Simultaneous embrace and disrespect for black-metal conventions
No, that's not a typo in the title; Brooklyn's black-metal upstarts have grafted the Greek "ethica" onto the word "aesthetic." That unexpected, moralist signaling might be as subtle as a blast beat, but that's the objective here: Since they popped up in 2009, Liturgy have seemed most comfortable with their feet planted both within and without the genre tent — using various sonic attributes to suggest a "transcendentalist" way outside black metal's strict confines.
Frontman Hunter Hunt-Hendrix has published a short tract outlining his vision of "apocalyptic humanism," but you don't have to read the text to understand what he means. "Generation" makes the point as succinctly as anything else on Aesthethica, with its complex meter changes that, every so often, resolve into a syncopated glory worthy of a Boredoms sun-worship jam — one that counteracts the lunar fascinations of orthodox black metal with harmony patterns that suggest some kind of heaven-aiming finish line. (See also: the gradually additive vocal parts of "Glass Earth," which recall Steve Reich.)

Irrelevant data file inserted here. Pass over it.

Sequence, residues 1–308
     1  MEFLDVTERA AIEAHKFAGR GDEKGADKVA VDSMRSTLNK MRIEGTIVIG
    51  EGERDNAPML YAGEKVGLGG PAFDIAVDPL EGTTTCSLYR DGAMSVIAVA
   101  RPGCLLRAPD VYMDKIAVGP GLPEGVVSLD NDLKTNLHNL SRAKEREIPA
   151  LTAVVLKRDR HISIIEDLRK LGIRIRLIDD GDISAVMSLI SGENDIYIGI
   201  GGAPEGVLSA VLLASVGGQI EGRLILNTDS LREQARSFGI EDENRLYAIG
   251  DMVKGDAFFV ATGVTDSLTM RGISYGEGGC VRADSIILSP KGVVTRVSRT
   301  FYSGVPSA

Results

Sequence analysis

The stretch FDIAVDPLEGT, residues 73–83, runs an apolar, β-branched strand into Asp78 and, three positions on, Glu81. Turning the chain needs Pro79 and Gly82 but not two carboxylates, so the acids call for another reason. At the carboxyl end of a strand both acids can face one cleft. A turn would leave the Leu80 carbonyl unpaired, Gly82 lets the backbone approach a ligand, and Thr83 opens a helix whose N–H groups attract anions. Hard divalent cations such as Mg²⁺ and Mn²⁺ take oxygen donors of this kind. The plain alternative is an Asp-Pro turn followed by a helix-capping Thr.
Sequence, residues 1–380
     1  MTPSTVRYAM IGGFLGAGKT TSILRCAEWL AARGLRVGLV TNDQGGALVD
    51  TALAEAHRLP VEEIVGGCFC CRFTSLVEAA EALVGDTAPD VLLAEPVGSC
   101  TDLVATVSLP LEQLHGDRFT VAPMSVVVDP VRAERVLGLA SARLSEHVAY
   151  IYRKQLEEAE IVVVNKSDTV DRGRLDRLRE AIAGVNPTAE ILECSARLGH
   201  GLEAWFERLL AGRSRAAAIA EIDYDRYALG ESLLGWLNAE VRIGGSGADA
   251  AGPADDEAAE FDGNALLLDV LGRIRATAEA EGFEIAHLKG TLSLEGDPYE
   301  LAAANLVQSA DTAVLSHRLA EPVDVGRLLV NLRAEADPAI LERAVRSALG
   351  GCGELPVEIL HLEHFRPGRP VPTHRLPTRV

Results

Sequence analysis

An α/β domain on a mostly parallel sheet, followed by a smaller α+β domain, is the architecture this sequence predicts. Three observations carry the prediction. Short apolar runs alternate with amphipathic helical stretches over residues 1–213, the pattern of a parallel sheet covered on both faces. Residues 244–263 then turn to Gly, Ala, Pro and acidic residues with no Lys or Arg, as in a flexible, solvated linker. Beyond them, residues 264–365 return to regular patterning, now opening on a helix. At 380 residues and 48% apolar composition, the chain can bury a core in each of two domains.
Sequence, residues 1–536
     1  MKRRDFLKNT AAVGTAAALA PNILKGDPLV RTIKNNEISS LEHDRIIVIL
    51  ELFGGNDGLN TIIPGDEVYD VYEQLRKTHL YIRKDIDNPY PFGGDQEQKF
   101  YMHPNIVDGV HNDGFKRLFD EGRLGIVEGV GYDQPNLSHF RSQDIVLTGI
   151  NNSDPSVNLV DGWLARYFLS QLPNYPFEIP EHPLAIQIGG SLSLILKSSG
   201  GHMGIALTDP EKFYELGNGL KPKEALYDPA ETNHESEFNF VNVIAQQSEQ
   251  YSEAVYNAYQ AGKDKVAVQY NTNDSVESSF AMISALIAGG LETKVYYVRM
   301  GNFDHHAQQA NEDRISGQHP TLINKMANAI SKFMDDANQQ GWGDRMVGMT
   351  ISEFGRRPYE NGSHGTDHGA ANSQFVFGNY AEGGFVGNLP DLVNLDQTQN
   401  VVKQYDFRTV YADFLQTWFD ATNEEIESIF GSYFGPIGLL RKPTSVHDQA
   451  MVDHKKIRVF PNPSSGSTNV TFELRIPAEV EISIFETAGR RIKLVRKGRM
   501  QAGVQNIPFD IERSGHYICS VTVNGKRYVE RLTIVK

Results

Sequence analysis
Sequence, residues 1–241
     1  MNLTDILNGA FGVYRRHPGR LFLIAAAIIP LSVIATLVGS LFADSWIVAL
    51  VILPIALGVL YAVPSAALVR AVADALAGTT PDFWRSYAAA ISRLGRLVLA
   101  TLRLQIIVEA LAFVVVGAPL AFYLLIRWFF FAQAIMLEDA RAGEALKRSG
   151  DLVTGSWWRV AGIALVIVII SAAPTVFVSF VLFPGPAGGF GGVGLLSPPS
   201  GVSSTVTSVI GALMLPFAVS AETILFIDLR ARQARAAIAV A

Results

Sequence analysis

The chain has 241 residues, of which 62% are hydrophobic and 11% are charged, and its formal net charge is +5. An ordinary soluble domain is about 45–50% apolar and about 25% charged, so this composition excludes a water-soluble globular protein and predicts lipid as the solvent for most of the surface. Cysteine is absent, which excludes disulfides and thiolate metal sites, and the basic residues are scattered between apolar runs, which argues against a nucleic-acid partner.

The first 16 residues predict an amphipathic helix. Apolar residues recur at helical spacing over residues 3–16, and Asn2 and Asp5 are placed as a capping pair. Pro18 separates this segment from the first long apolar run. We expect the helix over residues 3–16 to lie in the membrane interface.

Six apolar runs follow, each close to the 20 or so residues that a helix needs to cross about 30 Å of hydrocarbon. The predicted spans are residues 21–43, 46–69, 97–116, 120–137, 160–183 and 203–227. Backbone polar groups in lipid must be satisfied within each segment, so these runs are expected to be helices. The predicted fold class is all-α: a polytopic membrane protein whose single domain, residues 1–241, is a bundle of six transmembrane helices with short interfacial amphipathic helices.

Does that mean it's just crossover bait? Not quite. Aesthethica isn't a pander mission so much as an invitation to listeners more frequently found inhabiting other musical backwaters. Liturgy's simultaneous embrace and disrespect for black-metal conventions is reminiscent of the same revolution undertaken by American classical composers in reaction to the dogma of mid-century European complexity. When post-minimalists wanted to put pop harmonies back into their varied rhythmic structures, the result was dubbed Totalism — a phrase associated with the composer/critic Kyle Gann, whose son Bernard plays guitar in Liturgy. So now we have Totalist metal: a realm where catharsis, groove and hyper-intellectual structure cohere into something that can appeal beyond the kingdom of the underground. How unexpected. How inspiring. How metal.